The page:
Industrial relations referrals under the Industrial Relations Acts 1946-2015 increased from 399 in 2018 to 479 in 2019, or a 20.1% increase.
The number of cases completed in 2019 was up 70.1% on the preceding year (from 253 to 432).
A further 116 cases were withdrawn by parties during 2019, up 110.9% from 55 in 2018.
Employment rights case referrals decreased by 8.7% from 770 in 2018 to 703 in 2019.
And 226 cases were withdrawn by parties during 2019, up from 165 in 2018 (36.9%).
In 2019, the proportion of referrals to the court which were employment-rights based was 60% – a change from 2015 when industrial relations and employment rights disputes stood at almost exactly 50:50.
The Labour Court expects the rising trend in employment rights cases will continue to grow into the future.
These generally affect single individuals while collective disputes can involve very significant numbers of workers in a single referral.
The number of cases completed in 2019 was up 6.8% on the preceding year (from 426 to 455).
Additionally, 226 cases were withdrawn by parties during 2019, up from 165 in 2018 (36.9%).
Of the 703 employment rights appeals received by the Court during 2019, 55.2% (388) were in respect of appeals under the Unfair Dismissals Acts 1997-2017, Employment Equality Acts 1998-2012 and the Organisation of Working Time Act 1997.
During 2019 the Labour Court received three applications to approve collective agreements under the latter act.
The Labour Court has a €2.8m annual spend and has been sitting in virtual court rooms since the start of June.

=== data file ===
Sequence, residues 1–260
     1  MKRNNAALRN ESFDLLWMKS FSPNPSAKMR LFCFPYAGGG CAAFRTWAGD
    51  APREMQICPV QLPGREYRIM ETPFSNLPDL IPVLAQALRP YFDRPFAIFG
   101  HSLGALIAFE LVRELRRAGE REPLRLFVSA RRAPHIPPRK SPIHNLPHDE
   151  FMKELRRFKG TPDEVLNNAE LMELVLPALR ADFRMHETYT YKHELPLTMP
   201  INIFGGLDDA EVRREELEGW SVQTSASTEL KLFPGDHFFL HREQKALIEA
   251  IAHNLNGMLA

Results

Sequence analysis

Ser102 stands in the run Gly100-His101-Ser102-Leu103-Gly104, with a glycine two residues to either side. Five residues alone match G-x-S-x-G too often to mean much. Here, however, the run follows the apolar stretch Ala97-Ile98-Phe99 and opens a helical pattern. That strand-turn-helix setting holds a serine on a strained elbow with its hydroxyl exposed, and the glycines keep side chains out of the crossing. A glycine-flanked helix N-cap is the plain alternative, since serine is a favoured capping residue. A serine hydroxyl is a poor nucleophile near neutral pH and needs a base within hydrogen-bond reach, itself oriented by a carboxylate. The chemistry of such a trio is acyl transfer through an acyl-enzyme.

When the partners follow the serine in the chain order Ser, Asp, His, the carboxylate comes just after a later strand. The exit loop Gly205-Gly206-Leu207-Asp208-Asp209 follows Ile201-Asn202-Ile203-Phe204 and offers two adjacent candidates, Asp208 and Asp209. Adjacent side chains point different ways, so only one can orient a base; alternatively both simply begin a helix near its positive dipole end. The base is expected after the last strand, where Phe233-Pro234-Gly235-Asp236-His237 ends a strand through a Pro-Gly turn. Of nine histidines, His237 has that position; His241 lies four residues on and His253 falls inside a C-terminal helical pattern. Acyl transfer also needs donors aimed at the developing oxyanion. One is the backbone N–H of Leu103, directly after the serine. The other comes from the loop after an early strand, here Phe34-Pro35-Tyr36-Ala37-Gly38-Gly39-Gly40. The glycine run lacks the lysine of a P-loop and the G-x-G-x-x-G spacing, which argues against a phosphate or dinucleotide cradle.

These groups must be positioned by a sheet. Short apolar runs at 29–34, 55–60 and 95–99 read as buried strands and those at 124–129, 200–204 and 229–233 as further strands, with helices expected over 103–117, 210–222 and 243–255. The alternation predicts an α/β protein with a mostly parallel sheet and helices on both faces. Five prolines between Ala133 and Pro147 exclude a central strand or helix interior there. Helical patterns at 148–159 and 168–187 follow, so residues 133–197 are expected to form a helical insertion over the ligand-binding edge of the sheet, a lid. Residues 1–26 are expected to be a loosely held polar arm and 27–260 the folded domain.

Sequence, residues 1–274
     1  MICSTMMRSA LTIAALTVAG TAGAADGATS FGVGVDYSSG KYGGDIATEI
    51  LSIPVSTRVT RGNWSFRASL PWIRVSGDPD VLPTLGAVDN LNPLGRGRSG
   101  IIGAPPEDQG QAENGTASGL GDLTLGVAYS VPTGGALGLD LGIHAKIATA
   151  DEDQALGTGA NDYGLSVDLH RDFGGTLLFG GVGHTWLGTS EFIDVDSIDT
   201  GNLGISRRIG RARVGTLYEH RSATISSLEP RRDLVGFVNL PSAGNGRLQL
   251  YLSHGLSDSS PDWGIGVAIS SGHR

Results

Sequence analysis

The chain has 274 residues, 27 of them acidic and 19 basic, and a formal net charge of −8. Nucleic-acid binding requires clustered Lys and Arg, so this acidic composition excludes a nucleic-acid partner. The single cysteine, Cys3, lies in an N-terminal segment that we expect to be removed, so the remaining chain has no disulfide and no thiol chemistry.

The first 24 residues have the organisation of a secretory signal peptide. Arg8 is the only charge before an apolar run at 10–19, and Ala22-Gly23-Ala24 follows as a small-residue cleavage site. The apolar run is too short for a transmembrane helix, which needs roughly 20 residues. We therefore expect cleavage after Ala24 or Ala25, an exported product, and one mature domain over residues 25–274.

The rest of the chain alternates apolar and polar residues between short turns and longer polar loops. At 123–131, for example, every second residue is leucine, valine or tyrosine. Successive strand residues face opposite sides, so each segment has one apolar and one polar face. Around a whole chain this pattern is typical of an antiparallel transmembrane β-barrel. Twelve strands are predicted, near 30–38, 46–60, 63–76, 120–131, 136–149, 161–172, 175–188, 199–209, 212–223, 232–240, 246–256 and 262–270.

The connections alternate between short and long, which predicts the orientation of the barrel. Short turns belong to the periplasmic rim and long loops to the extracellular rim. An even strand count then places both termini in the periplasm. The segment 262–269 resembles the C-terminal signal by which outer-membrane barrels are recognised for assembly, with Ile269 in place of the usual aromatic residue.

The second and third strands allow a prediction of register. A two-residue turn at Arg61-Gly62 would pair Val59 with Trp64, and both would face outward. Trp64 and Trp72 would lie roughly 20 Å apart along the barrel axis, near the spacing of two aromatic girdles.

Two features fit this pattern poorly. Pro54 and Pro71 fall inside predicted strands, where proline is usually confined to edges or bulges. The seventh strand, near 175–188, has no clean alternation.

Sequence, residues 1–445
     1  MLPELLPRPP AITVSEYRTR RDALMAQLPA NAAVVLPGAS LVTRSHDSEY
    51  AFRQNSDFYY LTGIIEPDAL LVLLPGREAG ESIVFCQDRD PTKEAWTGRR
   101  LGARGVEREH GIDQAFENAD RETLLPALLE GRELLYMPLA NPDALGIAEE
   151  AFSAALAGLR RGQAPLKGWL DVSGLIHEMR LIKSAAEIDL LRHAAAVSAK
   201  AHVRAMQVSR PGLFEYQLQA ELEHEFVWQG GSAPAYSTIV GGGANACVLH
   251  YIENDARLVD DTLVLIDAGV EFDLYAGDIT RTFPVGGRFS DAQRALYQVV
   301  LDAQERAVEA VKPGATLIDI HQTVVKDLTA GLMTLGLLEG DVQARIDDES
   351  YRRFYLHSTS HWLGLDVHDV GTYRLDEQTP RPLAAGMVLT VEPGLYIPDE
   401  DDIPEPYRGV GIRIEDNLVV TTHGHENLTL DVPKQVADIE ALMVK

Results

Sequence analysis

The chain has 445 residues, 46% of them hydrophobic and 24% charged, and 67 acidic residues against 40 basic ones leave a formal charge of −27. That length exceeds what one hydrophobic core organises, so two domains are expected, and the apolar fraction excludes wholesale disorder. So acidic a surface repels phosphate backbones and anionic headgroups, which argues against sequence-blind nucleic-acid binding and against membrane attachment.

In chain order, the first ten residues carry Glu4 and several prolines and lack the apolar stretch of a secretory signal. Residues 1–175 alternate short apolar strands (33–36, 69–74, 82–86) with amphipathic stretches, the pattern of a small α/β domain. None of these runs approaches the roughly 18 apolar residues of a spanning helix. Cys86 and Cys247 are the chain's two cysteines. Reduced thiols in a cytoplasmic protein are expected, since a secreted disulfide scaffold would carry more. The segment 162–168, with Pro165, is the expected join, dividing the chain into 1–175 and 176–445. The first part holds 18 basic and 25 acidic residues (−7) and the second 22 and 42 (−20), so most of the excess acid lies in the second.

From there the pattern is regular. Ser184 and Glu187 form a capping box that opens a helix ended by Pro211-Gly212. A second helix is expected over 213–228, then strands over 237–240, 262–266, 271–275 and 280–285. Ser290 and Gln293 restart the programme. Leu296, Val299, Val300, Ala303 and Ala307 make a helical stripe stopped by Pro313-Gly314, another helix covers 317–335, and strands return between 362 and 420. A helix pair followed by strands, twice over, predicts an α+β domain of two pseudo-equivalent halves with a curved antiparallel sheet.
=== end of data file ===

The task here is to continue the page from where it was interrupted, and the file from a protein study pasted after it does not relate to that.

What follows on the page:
Chairman Kevin Foley thanked the legal profession for its input in setting up the virtual court rooms which came into operation on 2 June.
A limited number of court rooms at the Lansdowne House, Dublin 4 building will return to operational use in July 2020.
“The Court is anxious to restore a capacity, however limited, to hear appeals in a physical court-room as soon as possible,” said Kevin Foley “and to that end we are working extremely hard to deliver best practice compliance with Return to Work Safely protocols.”
The Labour Court holds key statutory functions in industrial relations dispute resolution and separate functions in employers/employee disputes under employment law.
This statutory framework means that the Labour Court is unique in the context of State-funded arrangements and it draws on high-level expertise in employment law.
The vast majority of its recommendations are accepted voluntarily with a very low level of appeal to the High Court on points of law or judicial review.
The reports points to a low level of dispute activity in the economy generally in 2019.
There was a total of nine industrial disputes in progress in 2019 involving 42,656 workers, whereas 1,814 workers were involved in ten industrial disputes in 2018.
Trade Union pay claims were made against the background of the relative improvement in the economy generally, the report says, and its approach of the Court was to recommend increases in pay where this was justified and sustainable.
Rates of pay
The Industrial Relations Acts 1946-2015 make provision for a system of Joint Labour Committees (JLCs), to set statutory minimum rates of pay and conditions of employment in particular sectors.
During 2019, 11 JLC meetings were held: four for contract cleaning, one for hairdressing and six for the security industry.
In August 2019, the Labour Court agreed that it immediately cease maintaining a register of apprentice hairdressers.
An application was made by the Minister of State for Trade, Employment, Business, EU Digital Single Market and Data Protection to establish a JLC for the English language schools sector.
The Labour Court also hosted the European Association of Labour Court Judges (EALCJ) conference in Dublin on 6 - 8 June last year.